The Canadian-born Dwan moved with his family at a young age in the United States, where he also grew up. After finishing school, he studied electrical engineering and worked for a time as an electrical engineer in Chicago at a company that produced mercury vapor lamps. One of the first customers was the film company Essany, for which he wrote several screenplays.
Finally, he joined the profession completely and worked from 1909 to screenwriter, first in Chicago, then in New York and in 1911 in Hollywood. Soon he also directed and alone 1911-1918 he was responsible for over 205 films, the duration was rarely more than 15 minutes. During this time, Dwan was sort of jack of all trades as a director, editor, screenwriter and occasional extra in personal union. Thus he acquired a thorough knowledge of both the technical aspects as well as through drama and working with actors. As a pioneer in the field in 1915, he was the inventor of the dolly shot in which the camera is mounted on wheels and the movements of the actor follows. He used the technique for the first time in the film David Harum, where he filmed a walk of actor William H. Crane. In the same year, was responsible for the solution of a technical problem that DW Griffith had during the filming of Intolerance: Dwan mounted the movable Tracking a crane and thus won even more ways to vary shots in a long shot. Dwan was responsible for some of the early successes of Mary Pickford at Famous Players as well as Lillian Gish and Dorothy Gish in Triangle. Since 1916 he turned preferably with his good friend Douglas Fairbanks Sr. and directed beyond at Paramount some successful strip for Gloria Swanson.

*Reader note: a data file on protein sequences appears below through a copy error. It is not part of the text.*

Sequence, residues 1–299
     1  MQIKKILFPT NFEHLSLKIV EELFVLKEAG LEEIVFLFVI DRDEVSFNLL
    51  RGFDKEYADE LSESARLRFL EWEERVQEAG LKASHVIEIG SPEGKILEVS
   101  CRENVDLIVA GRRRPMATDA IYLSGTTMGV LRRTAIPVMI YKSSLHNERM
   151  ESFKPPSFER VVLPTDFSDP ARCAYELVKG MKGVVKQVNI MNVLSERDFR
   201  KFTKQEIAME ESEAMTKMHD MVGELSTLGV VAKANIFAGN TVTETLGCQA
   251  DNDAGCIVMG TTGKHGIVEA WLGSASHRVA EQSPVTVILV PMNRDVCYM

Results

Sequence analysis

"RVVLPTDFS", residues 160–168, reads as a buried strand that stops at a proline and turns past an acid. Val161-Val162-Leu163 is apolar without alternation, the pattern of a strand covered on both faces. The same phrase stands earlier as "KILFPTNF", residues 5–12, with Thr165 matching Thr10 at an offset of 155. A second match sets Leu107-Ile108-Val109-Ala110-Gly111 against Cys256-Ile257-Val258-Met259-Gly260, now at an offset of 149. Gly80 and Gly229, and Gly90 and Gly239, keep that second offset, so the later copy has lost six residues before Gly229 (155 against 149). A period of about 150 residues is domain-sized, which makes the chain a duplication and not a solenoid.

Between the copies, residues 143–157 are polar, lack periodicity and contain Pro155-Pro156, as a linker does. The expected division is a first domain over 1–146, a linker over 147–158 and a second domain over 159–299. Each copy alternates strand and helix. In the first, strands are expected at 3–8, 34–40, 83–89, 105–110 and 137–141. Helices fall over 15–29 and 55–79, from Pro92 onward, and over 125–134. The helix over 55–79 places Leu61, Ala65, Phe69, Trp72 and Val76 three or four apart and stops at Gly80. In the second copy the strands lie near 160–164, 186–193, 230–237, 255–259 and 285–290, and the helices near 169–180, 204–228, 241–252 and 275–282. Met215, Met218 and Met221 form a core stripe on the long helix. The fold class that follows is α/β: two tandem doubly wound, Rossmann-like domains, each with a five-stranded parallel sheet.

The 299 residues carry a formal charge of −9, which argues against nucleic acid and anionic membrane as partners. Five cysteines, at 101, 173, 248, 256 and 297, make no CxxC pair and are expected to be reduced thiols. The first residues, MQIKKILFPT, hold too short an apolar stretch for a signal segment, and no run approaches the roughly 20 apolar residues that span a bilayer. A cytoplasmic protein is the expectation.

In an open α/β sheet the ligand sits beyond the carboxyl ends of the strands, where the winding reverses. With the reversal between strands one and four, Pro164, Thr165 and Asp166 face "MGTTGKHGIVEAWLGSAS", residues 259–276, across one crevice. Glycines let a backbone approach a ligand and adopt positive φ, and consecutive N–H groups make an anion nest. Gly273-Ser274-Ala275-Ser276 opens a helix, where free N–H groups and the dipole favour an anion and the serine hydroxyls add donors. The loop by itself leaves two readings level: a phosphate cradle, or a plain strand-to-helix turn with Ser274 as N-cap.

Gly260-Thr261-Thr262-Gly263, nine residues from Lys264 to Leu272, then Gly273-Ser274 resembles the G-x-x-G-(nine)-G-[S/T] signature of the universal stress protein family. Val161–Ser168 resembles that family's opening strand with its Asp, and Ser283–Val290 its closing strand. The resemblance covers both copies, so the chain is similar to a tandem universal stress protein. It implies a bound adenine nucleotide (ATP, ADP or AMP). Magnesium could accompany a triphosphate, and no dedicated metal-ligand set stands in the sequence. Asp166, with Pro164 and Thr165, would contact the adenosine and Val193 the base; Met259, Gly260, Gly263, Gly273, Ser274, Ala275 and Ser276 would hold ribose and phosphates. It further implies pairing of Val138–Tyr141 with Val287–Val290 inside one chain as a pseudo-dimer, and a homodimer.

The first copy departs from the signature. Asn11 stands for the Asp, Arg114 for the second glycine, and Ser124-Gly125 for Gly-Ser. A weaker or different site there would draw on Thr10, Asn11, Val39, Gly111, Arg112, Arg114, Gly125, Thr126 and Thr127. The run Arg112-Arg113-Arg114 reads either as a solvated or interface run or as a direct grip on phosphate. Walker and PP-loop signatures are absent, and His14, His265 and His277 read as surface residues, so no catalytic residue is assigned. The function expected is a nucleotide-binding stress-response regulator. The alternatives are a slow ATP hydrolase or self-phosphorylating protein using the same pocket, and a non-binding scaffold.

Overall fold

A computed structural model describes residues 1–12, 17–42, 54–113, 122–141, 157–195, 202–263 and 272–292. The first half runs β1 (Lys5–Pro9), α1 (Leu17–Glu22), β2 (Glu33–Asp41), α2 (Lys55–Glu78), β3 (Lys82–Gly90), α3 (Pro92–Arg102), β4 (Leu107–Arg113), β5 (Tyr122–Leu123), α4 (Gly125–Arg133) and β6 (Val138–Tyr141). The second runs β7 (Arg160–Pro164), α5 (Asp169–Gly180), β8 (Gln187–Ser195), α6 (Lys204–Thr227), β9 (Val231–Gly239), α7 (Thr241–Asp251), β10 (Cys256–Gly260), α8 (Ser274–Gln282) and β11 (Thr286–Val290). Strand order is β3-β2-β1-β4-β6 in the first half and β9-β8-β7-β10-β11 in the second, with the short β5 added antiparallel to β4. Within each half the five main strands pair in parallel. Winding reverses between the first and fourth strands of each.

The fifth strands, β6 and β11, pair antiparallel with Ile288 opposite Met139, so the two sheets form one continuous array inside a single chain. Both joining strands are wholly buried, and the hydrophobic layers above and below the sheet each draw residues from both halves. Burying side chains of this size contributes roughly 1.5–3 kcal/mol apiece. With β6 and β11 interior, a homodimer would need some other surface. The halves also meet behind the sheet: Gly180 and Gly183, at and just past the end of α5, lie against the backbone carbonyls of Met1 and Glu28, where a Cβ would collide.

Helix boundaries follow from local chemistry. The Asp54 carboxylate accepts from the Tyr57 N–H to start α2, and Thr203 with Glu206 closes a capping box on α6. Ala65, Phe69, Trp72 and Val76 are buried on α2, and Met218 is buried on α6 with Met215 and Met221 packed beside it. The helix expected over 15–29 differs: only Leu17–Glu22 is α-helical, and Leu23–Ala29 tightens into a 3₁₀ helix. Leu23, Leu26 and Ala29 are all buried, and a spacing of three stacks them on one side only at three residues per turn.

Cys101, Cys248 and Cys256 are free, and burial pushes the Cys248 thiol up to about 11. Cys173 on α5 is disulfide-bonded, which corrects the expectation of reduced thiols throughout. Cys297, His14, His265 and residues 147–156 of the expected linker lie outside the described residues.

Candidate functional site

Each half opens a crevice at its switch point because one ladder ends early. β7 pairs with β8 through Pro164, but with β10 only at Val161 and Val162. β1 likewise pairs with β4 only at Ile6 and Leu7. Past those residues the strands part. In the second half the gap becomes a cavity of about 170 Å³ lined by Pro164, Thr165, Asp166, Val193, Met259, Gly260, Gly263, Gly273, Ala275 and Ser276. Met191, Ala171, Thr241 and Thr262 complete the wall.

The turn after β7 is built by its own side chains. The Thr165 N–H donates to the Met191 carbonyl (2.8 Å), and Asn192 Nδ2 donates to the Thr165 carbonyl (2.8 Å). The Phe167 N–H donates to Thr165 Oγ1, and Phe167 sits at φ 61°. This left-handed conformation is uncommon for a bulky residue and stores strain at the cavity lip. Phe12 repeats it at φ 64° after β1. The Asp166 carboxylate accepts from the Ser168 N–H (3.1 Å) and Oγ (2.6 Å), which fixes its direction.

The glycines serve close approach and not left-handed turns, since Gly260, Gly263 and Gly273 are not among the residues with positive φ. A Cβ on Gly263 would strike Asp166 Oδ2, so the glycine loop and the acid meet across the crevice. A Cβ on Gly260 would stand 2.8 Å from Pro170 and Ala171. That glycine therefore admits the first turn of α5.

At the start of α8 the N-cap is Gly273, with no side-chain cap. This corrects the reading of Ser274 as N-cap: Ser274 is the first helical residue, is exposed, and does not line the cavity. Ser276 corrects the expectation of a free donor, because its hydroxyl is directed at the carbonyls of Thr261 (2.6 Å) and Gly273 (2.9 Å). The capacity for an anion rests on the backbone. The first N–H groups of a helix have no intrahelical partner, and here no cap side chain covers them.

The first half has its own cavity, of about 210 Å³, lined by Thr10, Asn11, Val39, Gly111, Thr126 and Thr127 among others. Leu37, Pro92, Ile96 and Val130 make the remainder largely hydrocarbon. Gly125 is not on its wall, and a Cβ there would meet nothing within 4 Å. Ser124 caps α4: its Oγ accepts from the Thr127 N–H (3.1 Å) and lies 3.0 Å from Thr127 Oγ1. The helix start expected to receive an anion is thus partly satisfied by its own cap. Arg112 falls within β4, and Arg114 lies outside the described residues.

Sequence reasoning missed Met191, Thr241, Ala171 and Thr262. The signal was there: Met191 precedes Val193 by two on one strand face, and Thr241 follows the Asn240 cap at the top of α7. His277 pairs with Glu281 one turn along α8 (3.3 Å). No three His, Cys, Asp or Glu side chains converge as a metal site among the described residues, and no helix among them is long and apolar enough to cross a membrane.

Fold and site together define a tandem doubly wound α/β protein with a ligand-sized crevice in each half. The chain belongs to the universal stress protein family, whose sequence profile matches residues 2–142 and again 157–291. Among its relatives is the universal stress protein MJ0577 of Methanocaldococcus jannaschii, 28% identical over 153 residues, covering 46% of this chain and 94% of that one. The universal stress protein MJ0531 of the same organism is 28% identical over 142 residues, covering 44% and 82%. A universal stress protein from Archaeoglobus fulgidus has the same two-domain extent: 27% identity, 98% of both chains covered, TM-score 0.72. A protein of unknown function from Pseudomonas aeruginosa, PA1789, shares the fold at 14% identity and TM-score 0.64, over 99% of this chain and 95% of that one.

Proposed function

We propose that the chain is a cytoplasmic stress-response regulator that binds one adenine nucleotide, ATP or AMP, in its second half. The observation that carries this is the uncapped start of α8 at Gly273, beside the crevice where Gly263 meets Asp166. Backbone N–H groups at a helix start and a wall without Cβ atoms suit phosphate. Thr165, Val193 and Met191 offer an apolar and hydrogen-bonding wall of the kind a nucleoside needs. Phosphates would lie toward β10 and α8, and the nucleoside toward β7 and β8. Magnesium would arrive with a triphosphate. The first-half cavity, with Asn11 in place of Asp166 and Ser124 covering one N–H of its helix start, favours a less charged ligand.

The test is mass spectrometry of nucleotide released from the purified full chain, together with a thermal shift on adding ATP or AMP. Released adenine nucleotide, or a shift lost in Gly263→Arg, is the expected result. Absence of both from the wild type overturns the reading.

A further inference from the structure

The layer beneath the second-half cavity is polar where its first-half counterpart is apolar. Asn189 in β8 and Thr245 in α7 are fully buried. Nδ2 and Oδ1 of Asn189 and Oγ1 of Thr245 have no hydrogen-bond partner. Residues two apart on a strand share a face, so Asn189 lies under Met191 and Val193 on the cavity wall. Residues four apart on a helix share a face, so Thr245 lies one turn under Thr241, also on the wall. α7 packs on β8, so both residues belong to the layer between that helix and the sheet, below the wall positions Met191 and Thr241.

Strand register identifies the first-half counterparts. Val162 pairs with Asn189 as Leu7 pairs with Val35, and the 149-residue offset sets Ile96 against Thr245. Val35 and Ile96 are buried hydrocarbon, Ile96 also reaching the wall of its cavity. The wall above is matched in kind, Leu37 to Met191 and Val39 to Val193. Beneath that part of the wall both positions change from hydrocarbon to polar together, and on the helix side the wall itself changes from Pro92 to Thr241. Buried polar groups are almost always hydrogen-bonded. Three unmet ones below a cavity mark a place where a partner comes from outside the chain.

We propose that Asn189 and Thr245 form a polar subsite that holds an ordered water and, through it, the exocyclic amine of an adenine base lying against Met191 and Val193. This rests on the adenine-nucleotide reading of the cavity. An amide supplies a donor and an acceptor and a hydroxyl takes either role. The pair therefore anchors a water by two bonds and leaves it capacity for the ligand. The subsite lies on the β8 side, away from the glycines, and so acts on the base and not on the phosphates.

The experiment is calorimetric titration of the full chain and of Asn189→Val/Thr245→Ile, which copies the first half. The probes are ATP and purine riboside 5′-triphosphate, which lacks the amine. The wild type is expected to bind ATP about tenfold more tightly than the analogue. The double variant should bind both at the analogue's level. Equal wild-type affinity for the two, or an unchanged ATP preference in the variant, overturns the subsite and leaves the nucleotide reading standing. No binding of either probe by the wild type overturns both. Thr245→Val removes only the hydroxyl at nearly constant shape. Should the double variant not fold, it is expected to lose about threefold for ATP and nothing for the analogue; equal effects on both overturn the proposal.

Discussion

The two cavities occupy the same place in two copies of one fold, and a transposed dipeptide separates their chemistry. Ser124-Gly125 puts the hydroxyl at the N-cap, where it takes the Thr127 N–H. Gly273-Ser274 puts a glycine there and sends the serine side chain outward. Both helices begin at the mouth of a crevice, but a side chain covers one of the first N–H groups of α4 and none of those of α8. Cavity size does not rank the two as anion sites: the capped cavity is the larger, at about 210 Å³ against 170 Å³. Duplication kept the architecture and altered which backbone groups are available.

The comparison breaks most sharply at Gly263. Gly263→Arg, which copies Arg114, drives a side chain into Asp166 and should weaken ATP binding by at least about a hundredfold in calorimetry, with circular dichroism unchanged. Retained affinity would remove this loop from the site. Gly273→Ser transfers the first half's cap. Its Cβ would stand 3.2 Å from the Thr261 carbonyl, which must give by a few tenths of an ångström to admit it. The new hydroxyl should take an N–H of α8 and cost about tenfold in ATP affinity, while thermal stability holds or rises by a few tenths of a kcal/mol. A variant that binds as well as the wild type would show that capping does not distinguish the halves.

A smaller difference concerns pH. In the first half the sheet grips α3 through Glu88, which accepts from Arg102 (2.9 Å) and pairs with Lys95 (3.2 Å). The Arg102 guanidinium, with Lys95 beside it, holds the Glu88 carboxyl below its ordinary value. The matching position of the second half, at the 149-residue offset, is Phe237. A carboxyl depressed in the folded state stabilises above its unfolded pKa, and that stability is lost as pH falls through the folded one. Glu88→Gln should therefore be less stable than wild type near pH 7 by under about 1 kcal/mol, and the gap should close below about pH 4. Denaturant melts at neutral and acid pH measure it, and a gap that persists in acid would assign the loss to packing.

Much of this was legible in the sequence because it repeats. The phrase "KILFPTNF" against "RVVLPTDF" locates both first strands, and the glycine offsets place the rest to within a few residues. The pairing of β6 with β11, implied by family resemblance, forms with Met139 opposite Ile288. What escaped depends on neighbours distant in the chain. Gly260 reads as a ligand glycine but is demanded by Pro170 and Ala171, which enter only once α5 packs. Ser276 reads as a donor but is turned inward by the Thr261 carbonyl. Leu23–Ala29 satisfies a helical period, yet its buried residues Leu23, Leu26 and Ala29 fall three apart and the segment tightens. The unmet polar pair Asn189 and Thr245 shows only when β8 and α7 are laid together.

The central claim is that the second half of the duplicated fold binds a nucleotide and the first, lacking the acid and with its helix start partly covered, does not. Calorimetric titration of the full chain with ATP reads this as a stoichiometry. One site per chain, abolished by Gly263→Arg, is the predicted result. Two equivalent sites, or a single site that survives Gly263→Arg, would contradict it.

With the advent of sound film, the career of Dwan was rapid and after his return from England in 1934, he was found mainly in B- movies again. Only the commercial and artistic success of two films with Shirley Temple, Heidi and Rebecca of Sunnybrook Farm, helped to bring him back to the list of sought-after directors. In later years, Dwan expressed always fascinated about the professionalism and the acting abilities of Temple, which brought some of its best work under his direction. For 20th Century Fox, he was allowed to take place the monumental strip Suez with Tyrone Power and Loretta Young in scene, only to shortly thereafter to sink back to the level of second-rate productions down. It was not until the mid- 1940s recovered his career and he began his successful collaboration with Republic Pictures, where he made some excellent films: You were our comrade, Montana Belle and particularly the Western Tennessee 's Partner.
For his services to the American cinema Allan Dwan received a star on the Hollywood Walk of Fame and a Los Angeles Film Critics Association Award for his life's work.